The original city plans were a dream for sustainable design nerds, which perhaps should have been the first warning. Walled and carless, it was to have relied on the region's biggest solar farm for power. In answer to the perennial Middle Eastern water problem, Masdar City was designed to house a desalination plant 80 percent more efficient than existing plants, quenching the thirst of 50,000 residents. The most futuristic tidbit -- and a tell-tale sign of an unobtainable urban utopia -- involved an underground network of sensor-driven "podcars."
Now, the only certain part of the development is the Masdar Institute of Science and Technology, a science and engineering university with a focus on alternative energy and sustainability. The institute's funding and governance is separate from the city's, though the two entities were intended to be closely linked. MIT has been a partner in the Institute from the beginning, and the head of its work with Masdar told the New York Times that students are still slated to move in this August.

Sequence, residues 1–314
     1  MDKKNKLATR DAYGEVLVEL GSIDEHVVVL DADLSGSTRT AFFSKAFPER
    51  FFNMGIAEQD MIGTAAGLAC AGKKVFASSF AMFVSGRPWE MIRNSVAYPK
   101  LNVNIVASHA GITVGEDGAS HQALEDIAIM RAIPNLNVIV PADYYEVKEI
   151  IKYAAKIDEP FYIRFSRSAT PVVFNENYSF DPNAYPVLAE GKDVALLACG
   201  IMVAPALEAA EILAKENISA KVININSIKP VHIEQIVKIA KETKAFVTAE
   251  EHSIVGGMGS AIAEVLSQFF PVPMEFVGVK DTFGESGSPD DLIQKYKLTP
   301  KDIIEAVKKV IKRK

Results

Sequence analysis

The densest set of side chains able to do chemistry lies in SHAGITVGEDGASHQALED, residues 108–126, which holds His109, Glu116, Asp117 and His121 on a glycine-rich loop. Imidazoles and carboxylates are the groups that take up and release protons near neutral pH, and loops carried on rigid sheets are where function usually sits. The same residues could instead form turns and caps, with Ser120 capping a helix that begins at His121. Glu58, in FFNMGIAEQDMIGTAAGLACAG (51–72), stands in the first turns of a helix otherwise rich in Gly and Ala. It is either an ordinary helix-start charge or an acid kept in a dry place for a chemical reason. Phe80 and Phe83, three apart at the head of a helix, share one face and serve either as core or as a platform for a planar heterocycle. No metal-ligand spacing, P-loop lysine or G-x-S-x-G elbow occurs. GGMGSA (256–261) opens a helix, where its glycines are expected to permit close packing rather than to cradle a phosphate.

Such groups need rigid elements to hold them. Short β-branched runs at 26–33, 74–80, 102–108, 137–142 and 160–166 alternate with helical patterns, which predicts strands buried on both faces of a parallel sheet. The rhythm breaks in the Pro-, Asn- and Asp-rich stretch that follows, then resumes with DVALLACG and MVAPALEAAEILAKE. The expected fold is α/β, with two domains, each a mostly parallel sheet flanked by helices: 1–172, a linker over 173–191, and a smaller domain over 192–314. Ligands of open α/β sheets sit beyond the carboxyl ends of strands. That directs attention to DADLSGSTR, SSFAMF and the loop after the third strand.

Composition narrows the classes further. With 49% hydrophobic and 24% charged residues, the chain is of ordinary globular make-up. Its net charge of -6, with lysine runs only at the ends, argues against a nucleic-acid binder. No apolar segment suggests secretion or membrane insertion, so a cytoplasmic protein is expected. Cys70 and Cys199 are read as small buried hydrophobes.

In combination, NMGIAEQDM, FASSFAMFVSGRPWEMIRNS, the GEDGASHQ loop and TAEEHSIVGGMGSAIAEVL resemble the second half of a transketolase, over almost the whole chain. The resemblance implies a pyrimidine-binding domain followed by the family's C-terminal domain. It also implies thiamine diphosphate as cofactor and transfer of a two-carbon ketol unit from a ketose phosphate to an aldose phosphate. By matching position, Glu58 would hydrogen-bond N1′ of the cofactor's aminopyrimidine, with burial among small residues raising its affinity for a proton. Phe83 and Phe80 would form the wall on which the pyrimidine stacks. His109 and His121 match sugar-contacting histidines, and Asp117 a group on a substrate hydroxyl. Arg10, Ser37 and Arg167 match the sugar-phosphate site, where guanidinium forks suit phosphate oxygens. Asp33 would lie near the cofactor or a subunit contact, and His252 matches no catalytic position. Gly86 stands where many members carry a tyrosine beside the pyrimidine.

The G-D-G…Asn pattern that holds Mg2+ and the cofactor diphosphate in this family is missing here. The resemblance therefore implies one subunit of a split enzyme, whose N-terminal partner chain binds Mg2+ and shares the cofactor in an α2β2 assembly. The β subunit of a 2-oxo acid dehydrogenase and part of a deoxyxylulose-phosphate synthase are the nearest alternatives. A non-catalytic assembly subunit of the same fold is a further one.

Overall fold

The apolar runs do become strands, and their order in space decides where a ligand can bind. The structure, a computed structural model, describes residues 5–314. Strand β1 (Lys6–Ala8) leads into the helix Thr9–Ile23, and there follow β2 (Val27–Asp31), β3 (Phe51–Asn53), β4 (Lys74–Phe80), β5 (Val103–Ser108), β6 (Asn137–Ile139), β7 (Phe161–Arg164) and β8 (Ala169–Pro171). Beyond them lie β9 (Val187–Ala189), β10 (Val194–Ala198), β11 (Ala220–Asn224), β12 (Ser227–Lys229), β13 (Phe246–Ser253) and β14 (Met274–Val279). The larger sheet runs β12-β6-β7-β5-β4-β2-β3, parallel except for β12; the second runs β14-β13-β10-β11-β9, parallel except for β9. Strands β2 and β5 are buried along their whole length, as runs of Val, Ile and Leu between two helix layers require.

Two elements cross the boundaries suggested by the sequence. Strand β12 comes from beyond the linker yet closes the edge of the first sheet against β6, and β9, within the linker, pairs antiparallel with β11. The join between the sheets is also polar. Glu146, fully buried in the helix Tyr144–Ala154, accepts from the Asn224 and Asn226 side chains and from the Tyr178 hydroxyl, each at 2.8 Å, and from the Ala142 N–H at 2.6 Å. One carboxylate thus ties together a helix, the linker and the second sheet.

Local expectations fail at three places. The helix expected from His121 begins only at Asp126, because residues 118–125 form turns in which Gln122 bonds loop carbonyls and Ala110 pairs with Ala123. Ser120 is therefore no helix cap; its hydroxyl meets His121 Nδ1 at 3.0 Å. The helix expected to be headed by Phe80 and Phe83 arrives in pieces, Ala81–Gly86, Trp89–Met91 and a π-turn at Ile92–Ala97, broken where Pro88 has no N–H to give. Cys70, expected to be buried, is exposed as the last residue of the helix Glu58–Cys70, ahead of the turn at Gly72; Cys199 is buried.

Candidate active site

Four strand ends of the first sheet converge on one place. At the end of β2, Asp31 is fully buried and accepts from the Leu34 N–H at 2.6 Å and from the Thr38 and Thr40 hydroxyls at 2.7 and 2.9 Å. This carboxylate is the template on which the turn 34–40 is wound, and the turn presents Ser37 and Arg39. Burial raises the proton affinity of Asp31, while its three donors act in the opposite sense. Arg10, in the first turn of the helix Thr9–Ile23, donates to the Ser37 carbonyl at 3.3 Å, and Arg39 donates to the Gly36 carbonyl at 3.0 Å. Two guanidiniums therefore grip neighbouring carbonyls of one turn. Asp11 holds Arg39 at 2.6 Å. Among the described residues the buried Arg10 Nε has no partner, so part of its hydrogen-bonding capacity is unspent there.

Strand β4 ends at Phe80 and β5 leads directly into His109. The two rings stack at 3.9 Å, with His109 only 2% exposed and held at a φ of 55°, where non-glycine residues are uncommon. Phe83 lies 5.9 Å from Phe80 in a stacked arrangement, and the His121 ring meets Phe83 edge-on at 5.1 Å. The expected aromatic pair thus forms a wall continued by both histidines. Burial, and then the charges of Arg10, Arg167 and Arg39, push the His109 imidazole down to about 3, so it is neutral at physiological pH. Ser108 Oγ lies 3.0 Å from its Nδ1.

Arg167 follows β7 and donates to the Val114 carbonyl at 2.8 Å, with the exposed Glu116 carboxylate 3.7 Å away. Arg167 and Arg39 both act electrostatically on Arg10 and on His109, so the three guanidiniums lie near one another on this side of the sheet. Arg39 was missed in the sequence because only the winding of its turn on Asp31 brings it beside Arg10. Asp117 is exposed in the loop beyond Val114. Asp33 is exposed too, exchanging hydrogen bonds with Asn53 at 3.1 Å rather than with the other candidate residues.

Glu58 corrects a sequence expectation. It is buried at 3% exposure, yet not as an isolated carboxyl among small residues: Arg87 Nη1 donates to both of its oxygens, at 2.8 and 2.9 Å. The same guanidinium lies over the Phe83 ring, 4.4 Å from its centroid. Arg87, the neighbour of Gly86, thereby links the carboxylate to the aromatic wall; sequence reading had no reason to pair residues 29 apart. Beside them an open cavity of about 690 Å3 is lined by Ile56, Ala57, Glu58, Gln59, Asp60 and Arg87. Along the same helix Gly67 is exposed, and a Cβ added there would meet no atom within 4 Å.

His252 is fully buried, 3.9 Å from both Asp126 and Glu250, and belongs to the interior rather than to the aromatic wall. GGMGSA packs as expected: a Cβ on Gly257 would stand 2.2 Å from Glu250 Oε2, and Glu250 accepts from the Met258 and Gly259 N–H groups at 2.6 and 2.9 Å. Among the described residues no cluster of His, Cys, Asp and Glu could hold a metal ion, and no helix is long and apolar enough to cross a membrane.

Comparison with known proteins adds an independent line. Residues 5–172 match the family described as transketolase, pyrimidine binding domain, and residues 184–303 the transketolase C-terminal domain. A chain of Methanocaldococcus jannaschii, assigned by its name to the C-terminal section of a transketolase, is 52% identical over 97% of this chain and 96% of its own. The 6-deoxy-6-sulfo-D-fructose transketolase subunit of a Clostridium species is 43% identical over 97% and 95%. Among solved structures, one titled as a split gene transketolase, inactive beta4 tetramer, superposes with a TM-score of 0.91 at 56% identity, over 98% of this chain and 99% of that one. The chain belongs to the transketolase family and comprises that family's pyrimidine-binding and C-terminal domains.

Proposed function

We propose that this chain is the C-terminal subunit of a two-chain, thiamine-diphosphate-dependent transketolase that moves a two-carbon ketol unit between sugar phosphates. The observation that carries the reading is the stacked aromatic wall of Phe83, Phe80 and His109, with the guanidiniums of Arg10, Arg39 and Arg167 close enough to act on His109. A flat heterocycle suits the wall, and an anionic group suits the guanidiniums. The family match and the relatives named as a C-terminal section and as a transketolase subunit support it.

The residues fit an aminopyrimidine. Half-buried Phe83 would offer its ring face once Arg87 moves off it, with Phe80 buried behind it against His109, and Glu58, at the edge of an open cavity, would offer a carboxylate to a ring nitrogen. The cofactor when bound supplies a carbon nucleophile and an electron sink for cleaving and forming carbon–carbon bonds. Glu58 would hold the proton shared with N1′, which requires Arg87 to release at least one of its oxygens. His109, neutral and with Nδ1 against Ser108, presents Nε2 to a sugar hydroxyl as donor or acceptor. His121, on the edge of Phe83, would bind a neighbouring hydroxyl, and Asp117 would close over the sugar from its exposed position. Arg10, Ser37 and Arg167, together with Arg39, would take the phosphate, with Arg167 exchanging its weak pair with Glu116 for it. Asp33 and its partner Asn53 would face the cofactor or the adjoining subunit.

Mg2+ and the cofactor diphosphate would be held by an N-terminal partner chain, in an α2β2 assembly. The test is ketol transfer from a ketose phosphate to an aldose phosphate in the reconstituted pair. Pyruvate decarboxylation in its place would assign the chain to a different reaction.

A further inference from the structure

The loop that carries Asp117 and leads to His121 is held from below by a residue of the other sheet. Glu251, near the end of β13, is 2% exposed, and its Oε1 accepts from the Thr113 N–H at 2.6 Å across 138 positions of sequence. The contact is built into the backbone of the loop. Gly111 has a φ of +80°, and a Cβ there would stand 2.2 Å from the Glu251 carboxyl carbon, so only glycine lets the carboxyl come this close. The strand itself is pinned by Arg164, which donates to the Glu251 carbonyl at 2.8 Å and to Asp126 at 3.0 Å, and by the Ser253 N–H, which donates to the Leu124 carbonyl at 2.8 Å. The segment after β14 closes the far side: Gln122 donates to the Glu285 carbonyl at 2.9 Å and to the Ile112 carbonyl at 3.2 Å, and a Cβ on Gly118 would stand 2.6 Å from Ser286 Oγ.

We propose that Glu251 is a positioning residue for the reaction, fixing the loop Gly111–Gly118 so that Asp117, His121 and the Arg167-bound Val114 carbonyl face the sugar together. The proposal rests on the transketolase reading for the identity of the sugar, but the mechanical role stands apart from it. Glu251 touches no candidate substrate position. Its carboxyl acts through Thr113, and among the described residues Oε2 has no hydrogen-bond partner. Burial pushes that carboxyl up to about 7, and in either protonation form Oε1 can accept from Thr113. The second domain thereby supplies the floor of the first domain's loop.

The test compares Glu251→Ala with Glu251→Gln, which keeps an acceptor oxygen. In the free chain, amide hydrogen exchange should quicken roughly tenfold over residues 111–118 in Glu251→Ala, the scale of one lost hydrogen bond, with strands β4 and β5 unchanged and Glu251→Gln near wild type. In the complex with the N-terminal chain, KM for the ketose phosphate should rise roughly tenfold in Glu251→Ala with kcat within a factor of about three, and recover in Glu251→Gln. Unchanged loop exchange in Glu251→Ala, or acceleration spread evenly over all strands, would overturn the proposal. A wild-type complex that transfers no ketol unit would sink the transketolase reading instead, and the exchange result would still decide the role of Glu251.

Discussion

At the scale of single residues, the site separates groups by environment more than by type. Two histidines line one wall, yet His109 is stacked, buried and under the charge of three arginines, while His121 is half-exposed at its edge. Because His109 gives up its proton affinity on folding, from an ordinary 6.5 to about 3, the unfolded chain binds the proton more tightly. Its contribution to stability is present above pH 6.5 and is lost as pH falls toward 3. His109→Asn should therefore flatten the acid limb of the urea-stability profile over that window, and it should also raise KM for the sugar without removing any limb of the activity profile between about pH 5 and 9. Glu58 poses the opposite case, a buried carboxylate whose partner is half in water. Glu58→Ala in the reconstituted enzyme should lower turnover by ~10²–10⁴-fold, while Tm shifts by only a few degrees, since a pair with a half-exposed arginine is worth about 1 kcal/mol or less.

Abu Dhabi's race for green-tech prominence is a smart strategy, even for a country with almost a tenth of the world's oil reserves. Few other nations have the ability to funnel billions of government funds into high-tech experimentation. Despite the lamentable lack of podcars, Abu Dhabi's newly modest ambitions of boosting green research should help make the Emirate's pursuit of this pipe dream worthwhile in the end.
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